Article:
5. doireann

    doireann Light Load Member

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    Nov 13, 2016
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    Thanks. Its good to know that its not us ; its the industry. Its just been a rotten few years and while things are coming together soon, we don't know which way to go ; team driving now, or get settled into our new lives and then do team driving in a year or so. I would start in a heartbeat, but I think my hubby is nervous about starting again. He dosnt mind the job, its just the on call stuff that is killing him.
     
  6. doireann

    doireann Light Load Member

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    Thank you so much. Yes, we are near Pittston and I think there is also an ODFL near us. Do most teams go by seniority also with their work schedules? Would being the last in, give us the hours and money we need?
     
    Bob Dobalina Thanks this.
  7. Bob Dobalina

    Bob Dobalina Road Train Member

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    ABF is brutal on new road drivers. Their road drivers near me live like that for nearly 10 years before getting regular schedules. If you want to team, check out OD. You will not sit.
    @blairandgretchen can elaborate. If I were him, I'd run there immediately. Later, you can join him and both make insane money.
     
    blairandgretchen and tow614 Thank this.
  8. doireann

    doireann Light Load Member

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    OMG there is no way we can live like this for 10 years. I think the fear of jumping is scary, but it maybe something we need to do sooner than later. With the kids in college this summer, there is nothing holding us back. I don't know how these companies expect their staff to live like this. If he knew at the beginning that there was no paid vacation time for 2 years, he would not have taken the job.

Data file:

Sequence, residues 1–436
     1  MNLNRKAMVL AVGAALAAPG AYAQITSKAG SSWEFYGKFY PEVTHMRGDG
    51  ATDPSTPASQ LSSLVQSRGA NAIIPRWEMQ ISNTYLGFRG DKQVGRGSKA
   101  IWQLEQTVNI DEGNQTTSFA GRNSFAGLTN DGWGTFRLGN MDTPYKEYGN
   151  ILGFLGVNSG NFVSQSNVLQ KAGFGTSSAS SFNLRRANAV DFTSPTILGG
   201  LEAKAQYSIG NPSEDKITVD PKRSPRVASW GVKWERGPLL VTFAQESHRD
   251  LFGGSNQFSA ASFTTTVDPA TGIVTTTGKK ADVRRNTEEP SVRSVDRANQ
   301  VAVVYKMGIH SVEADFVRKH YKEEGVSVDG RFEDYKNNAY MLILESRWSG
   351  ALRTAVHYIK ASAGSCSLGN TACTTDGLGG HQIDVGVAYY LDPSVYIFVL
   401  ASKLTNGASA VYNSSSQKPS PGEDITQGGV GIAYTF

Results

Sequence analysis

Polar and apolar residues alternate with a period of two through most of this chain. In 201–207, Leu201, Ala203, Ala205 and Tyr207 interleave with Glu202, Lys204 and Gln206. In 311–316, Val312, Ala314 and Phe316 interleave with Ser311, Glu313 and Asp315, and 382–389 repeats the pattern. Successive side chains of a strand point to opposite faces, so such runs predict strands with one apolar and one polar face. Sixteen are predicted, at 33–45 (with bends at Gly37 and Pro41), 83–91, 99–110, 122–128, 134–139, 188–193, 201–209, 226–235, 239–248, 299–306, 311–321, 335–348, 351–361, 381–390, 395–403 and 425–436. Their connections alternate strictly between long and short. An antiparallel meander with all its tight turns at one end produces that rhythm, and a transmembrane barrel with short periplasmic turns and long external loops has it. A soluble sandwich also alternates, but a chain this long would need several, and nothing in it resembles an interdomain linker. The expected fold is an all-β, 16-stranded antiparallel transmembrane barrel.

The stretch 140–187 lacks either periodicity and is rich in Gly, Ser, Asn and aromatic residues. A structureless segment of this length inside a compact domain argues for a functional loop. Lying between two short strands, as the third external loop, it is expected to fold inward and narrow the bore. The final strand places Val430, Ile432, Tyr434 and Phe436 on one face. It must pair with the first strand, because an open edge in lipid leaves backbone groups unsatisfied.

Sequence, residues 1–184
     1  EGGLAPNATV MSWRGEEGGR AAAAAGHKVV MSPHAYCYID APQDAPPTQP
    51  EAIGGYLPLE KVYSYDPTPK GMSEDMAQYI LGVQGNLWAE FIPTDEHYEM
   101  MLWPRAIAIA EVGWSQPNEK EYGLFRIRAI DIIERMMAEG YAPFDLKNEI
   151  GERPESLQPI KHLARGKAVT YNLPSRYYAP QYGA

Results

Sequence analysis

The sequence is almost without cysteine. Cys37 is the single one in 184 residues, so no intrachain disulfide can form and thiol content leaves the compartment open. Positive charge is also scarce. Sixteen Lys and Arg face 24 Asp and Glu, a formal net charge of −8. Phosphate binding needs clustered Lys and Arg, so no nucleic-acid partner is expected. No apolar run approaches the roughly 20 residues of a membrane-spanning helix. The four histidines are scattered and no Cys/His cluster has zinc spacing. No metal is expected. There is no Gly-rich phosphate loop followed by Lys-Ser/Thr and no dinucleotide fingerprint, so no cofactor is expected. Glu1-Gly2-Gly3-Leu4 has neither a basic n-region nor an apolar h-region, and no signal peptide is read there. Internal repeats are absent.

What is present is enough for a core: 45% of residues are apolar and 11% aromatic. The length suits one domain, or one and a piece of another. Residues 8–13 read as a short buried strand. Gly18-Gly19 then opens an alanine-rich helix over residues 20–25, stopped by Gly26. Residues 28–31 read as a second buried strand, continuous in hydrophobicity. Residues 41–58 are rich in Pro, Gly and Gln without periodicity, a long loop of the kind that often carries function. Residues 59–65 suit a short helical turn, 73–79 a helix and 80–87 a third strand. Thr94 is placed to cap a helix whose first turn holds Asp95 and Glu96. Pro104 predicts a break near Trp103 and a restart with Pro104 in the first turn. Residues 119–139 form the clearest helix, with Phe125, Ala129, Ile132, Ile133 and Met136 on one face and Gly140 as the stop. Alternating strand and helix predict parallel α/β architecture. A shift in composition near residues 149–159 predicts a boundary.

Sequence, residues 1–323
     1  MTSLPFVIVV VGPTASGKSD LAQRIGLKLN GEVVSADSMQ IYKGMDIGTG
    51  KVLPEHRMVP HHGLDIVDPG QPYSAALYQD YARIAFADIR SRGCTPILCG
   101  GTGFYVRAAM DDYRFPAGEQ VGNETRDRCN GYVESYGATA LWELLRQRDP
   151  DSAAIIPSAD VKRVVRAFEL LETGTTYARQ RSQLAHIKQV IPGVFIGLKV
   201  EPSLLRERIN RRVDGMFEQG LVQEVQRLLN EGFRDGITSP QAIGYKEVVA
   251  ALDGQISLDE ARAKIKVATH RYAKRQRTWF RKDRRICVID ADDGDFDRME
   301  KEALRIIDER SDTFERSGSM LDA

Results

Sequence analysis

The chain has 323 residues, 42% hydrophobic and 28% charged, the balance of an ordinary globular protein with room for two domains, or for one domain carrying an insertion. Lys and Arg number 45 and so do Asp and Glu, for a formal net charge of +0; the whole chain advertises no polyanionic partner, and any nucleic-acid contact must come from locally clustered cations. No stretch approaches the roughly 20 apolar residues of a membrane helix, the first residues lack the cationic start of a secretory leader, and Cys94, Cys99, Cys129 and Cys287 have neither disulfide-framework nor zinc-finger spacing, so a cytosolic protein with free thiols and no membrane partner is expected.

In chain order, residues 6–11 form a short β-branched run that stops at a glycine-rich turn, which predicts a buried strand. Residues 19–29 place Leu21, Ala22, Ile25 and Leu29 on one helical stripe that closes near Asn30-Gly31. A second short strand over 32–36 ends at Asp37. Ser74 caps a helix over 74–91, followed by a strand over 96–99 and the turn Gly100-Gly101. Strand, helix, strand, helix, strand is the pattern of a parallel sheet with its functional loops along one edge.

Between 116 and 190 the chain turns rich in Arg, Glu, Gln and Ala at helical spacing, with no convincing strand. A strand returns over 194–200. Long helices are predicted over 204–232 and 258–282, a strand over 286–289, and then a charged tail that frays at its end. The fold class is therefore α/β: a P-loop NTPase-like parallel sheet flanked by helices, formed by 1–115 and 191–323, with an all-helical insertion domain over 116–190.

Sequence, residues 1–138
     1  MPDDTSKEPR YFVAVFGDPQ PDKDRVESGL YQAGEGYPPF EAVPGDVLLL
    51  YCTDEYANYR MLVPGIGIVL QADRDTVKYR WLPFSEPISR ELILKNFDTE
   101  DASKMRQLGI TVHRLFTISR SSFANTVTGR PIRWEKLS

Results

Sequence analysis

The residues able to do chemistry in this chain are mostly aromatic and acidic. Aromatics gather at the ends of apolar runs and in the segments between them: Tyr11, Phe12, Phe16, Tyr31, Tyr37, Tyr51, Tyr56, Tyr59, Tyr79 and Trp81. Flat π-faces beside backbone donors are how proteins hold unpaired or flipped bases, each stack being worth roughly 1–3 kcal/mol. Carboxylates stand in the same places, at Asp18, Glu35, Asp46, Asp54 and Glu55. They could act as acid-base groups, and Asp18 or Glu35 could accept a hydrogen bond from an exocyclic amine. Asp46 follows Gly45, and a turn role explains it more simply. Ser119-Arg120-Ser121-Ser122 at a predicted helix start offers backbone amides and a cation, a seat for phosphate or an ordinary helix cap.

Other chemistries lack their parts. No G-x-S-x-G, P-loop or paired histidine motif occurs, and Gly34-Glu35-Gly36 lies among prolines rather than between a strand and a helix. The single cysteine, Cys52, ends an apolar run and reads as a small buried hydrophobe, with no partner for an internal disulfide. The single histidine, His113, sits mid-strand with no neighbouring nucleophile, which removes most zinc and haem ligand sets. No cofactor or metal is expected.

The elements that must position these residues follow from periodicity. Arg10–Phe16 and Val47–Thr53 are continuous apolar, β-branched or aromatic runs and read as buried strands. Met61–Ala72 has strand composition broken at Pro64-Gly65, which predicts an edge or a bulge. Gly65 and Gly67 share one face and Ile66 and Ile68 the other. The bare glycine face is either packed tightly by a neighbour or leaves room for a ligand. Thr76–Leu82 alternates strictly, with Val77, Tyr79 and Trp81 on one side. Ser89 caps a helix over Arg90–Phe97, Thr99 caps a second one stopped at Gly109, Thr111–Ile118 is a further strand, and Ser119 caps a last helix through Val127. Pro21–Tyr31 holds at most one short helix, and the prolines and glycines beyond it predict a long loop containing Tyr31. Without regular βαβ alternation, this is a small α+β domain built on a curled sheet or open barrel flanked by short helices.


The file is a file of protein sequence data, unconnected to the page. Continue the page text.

Bob Dobalina Thanks this.
  9. Brickwall

    Brickwall Light Load Member

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    Try a non-union position. :)
     
    tow614 and Chinatown Thank this.
  10. Bob Dobalina

    Bob Dobalina Road Train Member

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    And under that contract, you only get 1 week after those 2 years of none. I started off with 2 weeks at my company (which is in the same business) and have not been laid off for a single day since I started in '15.

    I've heard the new contract is supposed to improve on the vacation deal and get the pay back up where it's supposed to be, but it won't affect the on-call stuff. I'd suggest he find out how much seniority the bottom man with a schedule run has at his terminal. That will be your rough guide to how long he'll live like that.

    I really don't want to encourage jumping without gathering all the info first. All terminals are different and Dayton, OH could be worse than yours. But I do know of bottom drivers at OD running 500-600 miles per night consistently. When things get slow, they are offered to either "bag out" (keep working, but stay in hotels the rest of the week) or stay home that night. From what I hear, it's not that common and at least they have that choice. They also start out in the middle of OD's pay scale.
     
    blairandgretchen Thanks this.